Brian Kelly: Yeah, I want to make sure that every day that we are creating a positive environment for our players through preparation and that our coaches are moving our players through that process and continuing to build those traits that they need to be excellent in the areas that I want. So that will be my job on a day-to-day basis, working with all the players and all the coaches on a day-to-day basis.

Q. Maybe it’s difficult to quantify, but are you looking to spend 50% offense, 50% defense, or a certain percentage on special teams?
Brian Kelly: I’ll be involved in all three phases of the game. I’ll be involved in offensive game planning, defensive game planning and special teams, and then I will make myself available to each of the position groups during practice.

If I see that there’s a need to be in a particular area, I’ll spend time in that particular area. But they’re all my players, and I’m going to be responsible for all of them.

Q. Is that something that kind of developed where you need to have that more broad-based attention to everything after looking more at the defense last year with the changes?
Brian Kelly: Yeah, I mean, it’s pretty clear that my players want me to be more involved with the entire football team. They like it when I’m there in the morning. They like when I’m around. They like when I’m having breakfast with them. They like when I’m available to them. So I want to be able to do the things that help our football team win in any way that I can.

So it’s pretty clear to me after the last eight weeks that if I’m available to them, if I’m there to be able to talk with them, help them through whatever I need to help them with, that’s the best way for us to win, then that’s what I’m going to do.

Q. What may have prevented you from doing those things previously? Were there other commitments?
Brian Kelly: There weren’t enough hours in the day. It became a situation where I was involved in the offense. I was worried about raising money for our new facility. I was not focused on the traits that I needed to build in this football team. And I’m not worried about that anymore. I’m going to let other people take care of that.

Q. Just from the personnel standpoint, are there any potential position switches you may be looking at? I know you talked about maybe Alex Bars being the guard, tackle, depending on how it best fits. Is there anything —
Brian Kelly: Nothing crazy. Maybe a tackle slips out to an end. Maybe a corner moves to a safety position. Maybe a backer bumps over to a rover position. But nothing that they can’t be outside of their physical tools and their ability level. Right?

So you guys are going to be out at practice. You’ll see guys running around at some position. But this is not going to be a gong show. I mean, these guys are going to be in positions that can map their physical tools, right? So if somebody’s at a particular position, we’ve already done the analysis that they can match up at those particular positions.

We may have a situation where we’re trying to get guys on the field and see if they can compete at particular positions, but I don’t think you’re going to see anything that’s like, wow, Jay Hayes is playing slot? You know? What’s up with this group?

Q. What if Jay Hayes wanted to play slot?
Brian Kelly: He’d have a hard time getting on the field.

Q. You talked a couple times about how in meeting with your players it was evident that they wanted you around more to have you available for talking or whatever. I’m curious, how has that been for you? Are you enjoying that part of the process?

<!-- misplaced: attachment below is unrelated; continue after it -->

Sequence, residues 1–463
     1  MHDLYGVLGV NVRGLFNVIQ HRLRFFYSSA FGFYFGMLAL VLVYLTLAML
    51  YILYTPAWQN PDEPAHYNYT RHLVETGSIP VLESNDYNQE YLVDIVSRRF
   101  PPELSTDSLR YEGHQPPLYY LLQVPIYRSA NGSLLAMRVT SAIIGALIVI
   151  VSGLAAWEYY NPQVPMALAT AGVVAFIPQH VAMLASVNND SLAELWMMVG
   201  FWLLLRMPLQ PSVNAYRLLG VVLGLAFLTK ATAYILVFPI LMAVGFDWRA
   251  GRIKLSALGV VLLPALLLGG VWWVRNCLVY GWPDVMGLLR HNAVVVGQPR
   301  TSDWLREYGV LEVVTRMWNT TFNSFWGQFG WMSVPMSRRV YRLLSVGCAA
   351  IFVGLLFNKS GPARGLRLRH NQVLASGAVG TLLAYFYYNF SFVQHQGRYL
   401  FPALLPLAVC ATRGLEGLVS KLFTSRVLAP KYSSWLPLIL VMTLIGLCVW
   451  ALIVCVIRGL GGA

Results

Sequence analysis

Brian Kelly: I love it. You can’t get up at 4:30 in the morning if you don’t like it. You know? If you don’t love getting up and spending time with your players and are not energized to do that, you can’t do this job.

But I can’t wait to get in here in the morning. I can’t wait to spend time with our guys. They’re incredible to work with. There’s such a desire to want to be great. That’s the only way you can continually, five days a week, get up early and get in here, because there is an incredible passion by our guys to want to be great.

Q. In that regard, would you say this off-season has reenergized you as a coach?
Brian Kelly: I think anytime you take a different approach to the way you’re doing things on a day-to-day basis, it has a tendency to move you in a different way. I was always energized by the job of being the head football coach at Notre Dame. But you’re doing things a little bit differently. My day is consumed differently. I haven’t spent much time in the staff room going over the offense. I’ve spent much more time with the players. I’ve been down in study hall. I’ve been down in meeting rooms with players.

It’s been much more of a different association, which has been great to do it on that end. It’s been a lot more like when I was a Division II head coach and I had to spend all my time with the players. It’s been extremely enjoyable.

Q. We’ve seen things on social media where the players seem to be excited going through the workouts and running, and things players don’t necessarily want to be doing, but they seemed energized by that. Were they creating that push and that challenge, do you think?
Brian Kelly: They were, they were. And we couldn’t give it to them. Our former strength coach wasn’t able to do it. He’s on disability right now. We couldn’t give them what they wanted. So it was something that they needed and wanted. So we’re giving them exactly what they want. I think it’s proving itself to be not only beneficial for us as a program, but for the players as well. They’re seeing themselves in a different light.

— ND —